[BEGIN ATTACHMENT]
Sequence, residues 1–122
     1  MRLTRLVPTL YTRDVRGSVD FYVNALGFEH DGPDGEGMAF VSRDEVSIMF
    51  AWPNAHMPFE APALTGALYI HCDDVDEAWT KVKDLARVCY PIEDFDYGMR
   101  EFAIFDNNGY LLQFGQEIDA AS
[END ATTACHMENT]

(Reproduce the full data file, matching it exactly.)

Sequence, residues 1–122
     1  MRLTRLVPTL YTRDVRGSVD FYVNALGFEH DGPDGEGMAF VSRDEVSIMF
    51  AWPNAHMPFE APALTGALYI HCDDVDEAWT KVKDLARVCY PIEDFDYGMR
   101  EFAIFDNNGY LLQFGQEIDA AS